Some readers might recognize the name “Theodore Dalrymple.” It’s the pen name of the iconoclastic British psychiatrist Anthony Daniels, who in semi-retirement keeps on writing books. His twenty-third is Admirable Evasions: How Psychology Undermines Morality (2015).

An interview he gave soon after the book’s publication sums up his thesis, which is rather unconventional even if, given the course of his long career, not all that surprising. It’s a thesis thoughtful Americans would do well to ponder.

Here’s how the piece introduces it:

“Q: You lead with Shakespeare’s King Lear saying mental illness is ‘the excellent foppery of the world, that when we are sick in fortune…we (blame) the sun, the moon and the stars.’

A: Four hundred years later, it’s still true, but we blame psychology instead of astrology. We call it progress. Literature is far more illuminating into the human condition than psychology could ever hope to be.”

As presented, of course, that’s a bit of an exaggeration. But most of us know people who blame everything and everybody but themselves for their faults—when they recognize those faults at all. Thus:

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Victimhood Culture in America: Beyond Honor and Dignity


Americans increasingly want and expect adult supervision

Ronald Bailey|Sep. 11, 2015 1:30 pm

In “Microaggression and Moral Cultures,” the UCLA* California State University, Los Angeles sociologist Bradley Campbell and the West Virginia University sociologist Jason Manning identify a “culture of victimhood” that they distinguish from the “honor cultures” and “dignity cultures” of the past. In a victimhood culture, they write, “individuals and groups display high sensitivity to slight, have a tendency to handle conflicts through complaints to third parties, and seek to cultivate an image of being victims who deserve assistance.”

Insightfully complementing their analysis is a new study by the St. Lawrence University economist Steven Horwitz, titled “Cooperation Over Coercion: The Importance of Unsupervised Childhood Play for Democracy and Liberalism.” Horwitz makes the case that overprotective childrearing is undermining the “ability to engage in group problem solving and settle disputes without the intervention of outsiders,” a capacity he calls “a key part of the liberal order.” In other words, both studies find that Americans increasingly want and expect adult supervision.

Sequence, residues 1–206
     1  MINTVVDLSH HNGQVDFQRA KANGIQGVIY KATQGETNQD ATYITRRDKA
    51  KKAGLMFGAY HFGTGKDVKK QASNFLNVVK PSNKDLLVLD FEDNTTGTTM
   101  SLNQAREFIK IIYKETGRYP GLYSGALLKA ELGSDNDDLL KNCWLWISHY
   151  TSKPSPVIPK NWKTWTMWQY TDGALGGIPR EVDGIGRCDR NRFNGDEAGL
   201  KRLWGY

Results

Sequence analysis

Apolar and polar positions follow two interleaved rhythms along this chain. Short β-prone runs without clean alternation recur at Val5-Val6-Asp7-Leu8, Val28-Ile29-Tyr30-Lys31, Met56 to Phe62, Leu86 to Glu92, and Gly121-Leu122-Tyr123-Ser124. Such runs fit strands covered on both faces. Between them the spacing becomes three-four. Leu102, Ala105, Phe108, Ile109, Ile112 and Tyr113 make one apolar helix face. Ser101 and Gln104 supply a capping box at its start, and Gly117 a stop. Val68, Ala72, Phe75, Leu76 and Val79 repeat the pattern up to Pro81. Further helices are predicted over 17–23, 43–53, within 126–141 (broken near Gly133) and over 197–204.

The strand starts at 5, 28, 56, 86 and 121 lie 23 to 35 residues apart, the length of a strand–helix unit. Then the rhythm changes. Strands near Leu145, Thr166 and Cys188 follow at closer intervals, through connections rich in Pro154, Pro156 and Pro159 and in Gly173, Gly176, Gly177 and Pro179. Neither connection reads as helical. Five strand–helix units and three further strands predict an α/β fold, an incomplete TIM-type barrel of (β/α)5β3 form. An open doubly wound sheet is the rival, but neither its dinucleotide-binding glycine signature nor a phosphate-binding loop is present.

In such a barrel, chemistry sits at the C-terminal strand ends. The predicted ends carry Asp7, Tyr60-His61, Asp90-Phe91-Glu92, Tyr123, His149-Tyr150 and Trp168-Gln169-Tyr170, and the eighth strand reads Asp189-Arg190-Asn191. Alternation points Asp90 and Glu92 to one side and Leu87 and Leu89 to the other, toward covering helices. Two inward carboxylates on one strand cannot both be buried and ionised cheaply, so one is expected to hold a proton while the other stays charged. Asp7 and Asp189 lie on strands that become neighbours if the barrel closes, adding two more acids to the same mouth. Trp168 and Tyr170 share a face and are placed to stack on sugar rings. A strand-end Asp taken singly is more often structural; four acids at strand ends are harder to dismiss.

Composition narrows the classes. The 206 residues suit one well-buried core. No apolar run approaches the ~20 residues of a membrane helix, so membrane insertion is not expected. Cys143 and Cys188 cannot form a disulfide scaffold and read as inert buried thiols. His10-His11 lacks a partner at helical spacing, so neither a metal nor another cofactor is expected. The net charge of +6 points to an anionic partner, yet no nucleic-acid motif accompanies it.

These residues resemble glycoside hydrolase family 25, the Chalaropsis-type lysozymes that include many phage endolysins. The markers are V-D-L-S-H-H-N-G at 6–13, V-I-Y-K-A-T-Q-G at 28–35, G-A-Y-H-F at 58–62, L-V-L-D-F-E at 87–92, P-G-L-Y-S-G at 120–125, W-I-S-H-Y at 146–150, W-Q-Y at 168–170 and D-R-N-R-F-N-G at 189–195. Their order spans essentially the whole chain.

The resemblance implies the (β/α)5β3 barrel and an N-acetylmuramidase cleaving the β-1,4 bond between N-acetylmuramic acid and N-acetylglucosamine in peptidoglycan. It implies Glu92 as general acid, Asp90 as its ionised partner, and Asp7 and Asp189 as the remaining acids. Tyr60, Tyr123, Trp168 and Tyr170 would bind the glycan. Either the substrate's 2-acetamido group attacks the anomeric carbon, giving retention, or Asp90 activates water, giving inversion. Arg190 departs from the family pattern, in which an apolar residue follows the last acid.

Campbell and Manning begin by probing the rise of the “microaggression” phenomenon on university campuses. As defined by the Columbia diversity training specialist Derald Wing Sue, microaggressions are “brief and commonplace daily verbal, behavioral, and environmental indignities, whether intentional or unintentional, that communicate hostile, derogatory, or negative racial, gender, and sexual orientation, and religious slights and insults to the target person or group.” Microaggressions include asking an Asian American where he or she was born, complimenting a Latino on speaking English well, or asserting that “America is the land of opportunity.” In general, microaggressions are seen as instances of a larger narrative of structural inequalities. “Conduct is offensive because it perpetuates or increases the domination of some persons and groups by others,” Campbell and Manning observe.

The authors argue that people seek the moral status of victim in situations where social stratification is low, cultural diversity is high, and authorities are referees. These three conditions pervade the modern American university, so it not surprising that the microaggression victimhood phenomenon is most intense in academia. Google Trends finds that headlines featuring microaggression started a steep rise in 2012.